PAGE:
It's no secret that making a film is hard work, and one of the most difficult processes a director must go through is editing. Pouring over months of footage with a final screenplay as a guide, he or she must find a way to tell a comprehensive story that entertains and thrills audiences. Piecing together the final product is the final challenge before a movie is ready to hit theaters, and often times that means a scene or two the filmmaker really loved has to be left on the cutting room floor and never see the light of day.
Whether it's for pacing, run time, or superfluous nature, there's usually a good reason for why certain sequences are cut from a final film, and when we do see them in director's cuts or DVD extras it's hard to envision how they'd fit into the movie we know. Then there are others that seemingly would have added to the final product and arguably make the film in question even better than the one that went down in cinematic lore.
Throughout the first act of George Lucas' Star Wars, Luke Skywalker (Mark Hamill) is yearning to leave his home planet of Tattooine and join his friend Biggs (Garrick Hagon) at the Academy. As fortunes would have it, the two long lost buds are reunited as Rebel Alliance allies, flying out together to take down the Death Star in the Battle of Yavin. However, they don't have much time to reconnect, as Biggs is shot down and killed during one of the trench runs. It's a moment of intense sadness for Luke, but his pain doesn't really hit the audience as much, since we barely saw the two together (and only heard about their many exploits).
But Lucas had in fact dedicated more time to establishing their friendship, reinserting a deleted scene into the "special edition" of the film. The sequence in question takes place right before the Rebel pilots head out, with Luke getting the pleasant surprise of seeing his companion once again and promising to tell him the many stories of his adventure when he got a chance. It's a brief scene, but it was a nice touch and should have been part of the 1977 cut. It brings back memories we have of seeing old friends for the first time in years, and made Biggs' death a tad more emotional than it was originally presented. Lucas made a lot of maligned changes to his works, but this one made a lot of sense.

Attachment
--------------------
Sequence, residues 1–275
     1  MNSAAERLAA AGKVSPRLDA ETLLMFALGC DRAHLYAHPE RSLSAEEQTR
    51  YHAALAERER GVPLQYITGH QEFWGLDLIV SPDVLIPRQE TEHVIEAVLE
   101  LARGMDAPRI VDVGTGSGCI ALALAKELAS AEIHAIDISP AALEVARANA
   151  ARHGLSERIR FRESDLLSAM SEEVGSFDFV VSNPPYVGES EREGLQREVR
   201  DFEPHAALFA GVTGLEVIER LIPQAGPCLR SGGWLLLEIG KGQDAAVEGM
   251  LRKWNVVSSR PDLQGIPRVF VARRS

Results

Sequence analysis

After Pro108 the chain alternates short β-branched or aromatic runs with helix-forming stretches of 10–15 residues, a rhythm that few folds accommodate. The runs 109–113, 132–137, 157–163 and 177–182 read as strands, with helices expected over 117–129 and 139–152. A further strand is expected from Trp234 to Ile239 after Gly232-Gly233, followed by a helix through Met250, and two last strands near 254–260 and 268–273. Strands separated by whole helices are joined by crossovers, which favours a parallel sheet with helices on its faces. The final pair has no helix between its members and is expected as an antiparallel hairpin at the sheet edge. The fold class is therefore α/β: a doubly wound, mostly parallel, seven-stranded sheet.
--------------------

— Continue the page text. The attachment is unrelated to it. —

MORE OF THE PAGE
Return of the Jedi
The Empire Strikes Back features one of the most famous twists in movie history, when Darth Vader (David Prowse) reveals to Luke that he is the young Jedi's father (and didn't kill him as Luke was told). It's a revelation that rocks Luke's world, and he spends many of the following moments questioning why his mentor Obi-Wan (Alec Guinness) refused to tell him the truth when he was just a farm boy on Tattooine. In Return of the Jedi, Obi-Wan covers himself by saying that what he said was factual from "a certain point of view," but a deleted scene from the threequel indicates that Kenobi's reasoning wasn't as flimsy as the final film made it.
The Lord of the Rings: The Two Towers
In The Fellowship of the Ring, Boromir (Sean Bean) is portrayed as the bad egg of the group, as he becomes instantly corrupted by the One Ring and hungry for its immense power. As presented in the theatrical version, it's a not-too-subtle metaphor for the dangers of the quest and a parallel for Aragorn (Viggo Mortensen) as he begins his journey. While it's true Boromir dies a noble hero sacrificing himself so his companions can escape, most of Bean's performance sees the character plotting to obtain the Ring and trying to attack Frodo (Elijah Wood), arguably making him a little one-dimensional. But a deleted scene (later inserted into the Two Towers extended edition) fleshes him out.
Combining the leads of four blockbuster franchises, Joss Whedon's The Avengers had a lot on its plate to unpack. His original cut of the film was three hours, and he was forced to trim 30 minutes off the film so it flowed better. For the most part, the director did an excellent job balancing out the substance and style, somehow finding enough time for quiet character moments and thrilling action scenes in the running time. However, there is one sequence most people (including Whedon himself) wish there was time for; one involving Steve Rogers (Chris Evans) getting acclimated to modern American society.